Why is it that, after two centuries of increasingly barbaric conflicts, Goya’s work is still a peak of artistic representation of the human cost of warfare? Robert Hughes’s beautiful biography of Goya answers this fully. It is a great work of scholarship, but also of love for its subject. Goya’s journey from provincial art student, to royal portraitist, to draughtsman of the human condition is told with style and bravura.
Goya’s 82-year life was a full one. Born in 1746 outside Zaragoza, he trained to be an artist from age 13, working mainly on religious paintings. Aged 29, he moved to Madrid, where he worked designing scenes of town and country life for the royal tapestry factory. Spain was ruled by an absolute monarch and was dominated by the church, whose Inquisition was still proscribing books and works of art. Goya was made painter to the court in 1789, the year of the French Revolution, although many of his friends were prominent ilustrados, or followers of Enlightenment thinking. In 1792 Goya was struck down by a near-fatal illness which left him stone deaf. It is believed that he also suffered from a deep depression that would affect him for the rest of his life.
The turning point in Goya’s career came in 1799 with the publication of his Caprichos, a set of 80 brilliantly conceived and executed etchings, savagely attacking the clergy, superstition, custom and sexual relationships. Probably the most famous of these prints is ‘The Sleep of Reason Brings Forth Monsters’. Inscribed beneath the figure slumped at his desk, harried by apparitions of owls and bats, is inscribed the legend, ‘The author dreaming. His only purpose is to root out harmful ideas, commonly believed, and to perpetuate with this work of the Caprichos the soundly based testimony of truth.’ Goya had 300 copies printed, but they were on sale for only two days before he withdrew them – probably after threats from the Inquisition.
Napoleon invaded Spain in 1808 and imposed his brother as king. The next six years witnessed the rout of the Spanish army, followed by continual bloody battles with the Spanish people. Goya then produced ‘the greatest anti-war manifesto in the history of art’, The Disasters of War, which was another set of more than 80 prints. What makes them so strikingly modern is his refusal to depict heroic set-piece battles, and instead show the sheer horror, barbarity, misery and inhumanity to which both sides are reduced by war.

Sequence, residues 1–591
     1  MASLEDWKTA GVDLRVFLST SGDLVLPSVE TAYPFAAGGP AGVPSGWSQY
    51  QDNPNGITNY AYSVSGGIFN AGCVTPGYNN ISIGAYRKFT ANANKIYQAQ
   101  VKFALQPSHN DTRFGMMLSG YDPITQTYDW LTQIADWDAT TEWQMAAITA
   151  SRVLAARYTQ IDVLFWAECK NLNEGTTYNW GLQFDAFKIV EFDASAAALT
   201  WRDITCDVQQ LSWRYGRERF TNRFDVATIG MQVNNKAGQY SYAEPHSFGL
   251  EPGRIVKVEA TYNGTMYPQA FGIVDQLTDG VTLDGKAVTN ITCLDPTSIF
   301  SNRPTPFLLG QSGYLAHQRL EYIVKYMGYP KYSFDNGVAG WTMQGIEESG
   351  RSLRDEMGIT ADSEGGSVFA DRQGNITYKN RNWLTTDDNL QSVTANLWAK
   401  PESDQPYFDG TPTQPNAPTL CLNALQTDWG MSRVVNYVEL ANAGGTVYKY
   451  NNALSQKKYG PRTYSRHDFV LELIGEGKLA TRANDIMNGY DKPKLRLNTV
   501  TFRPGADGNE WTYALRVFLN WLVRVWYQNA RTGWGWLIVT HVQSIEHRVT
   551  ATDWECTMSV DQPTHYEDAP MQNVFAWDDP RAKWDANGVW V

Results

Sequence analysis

Spain’s ultimate victory over the French occupiers saw the restoration of the monarchy under Fernando VII, who was even more reactionary than his predecessors. Any suspected collaborators were subject to the Inquisition. Goya never dared to produce his Disasters of War, and by 1820 he had only printed two sets of proofs, which remained the only copies in existence until 1863.
Goya now produced two of his most famous paintings. They commemorated the events of 2 and 3 May 1808, when the people of Madrid rose spontaneously against the invading French army, and were then subject to terrible reprisals. The second painting, the execution of a Spanish nationalist, demonstrates Goya’s profound empathy with victims of war.
Goya’s last great cycle of work was meant for no one’s viewing but his own. He painted almost the entire inside of his own house in murals depicting the most obscure subjects. ‘Saturn Devouring His Children’ is the most well known of these ‘Black Paintings’. It is an image of almost unbearable cruelty, horror and shame. (Fortunately, in 1874 the plaster was carefully lifted from the walls and remounted to be hung in the Prado museum.) Fearing the Inquisition, Goya now went into exile in Bordeaux, where he remained until he died in 1828.
This is an excellent biography which treats its subject with reverence, but it also provides great insight and historical detail, which bring out the complexities in Goya’s life and work. What makes it complete are the many reproductions of the paintings and prints, which enable readers to study the images to which the author refers.
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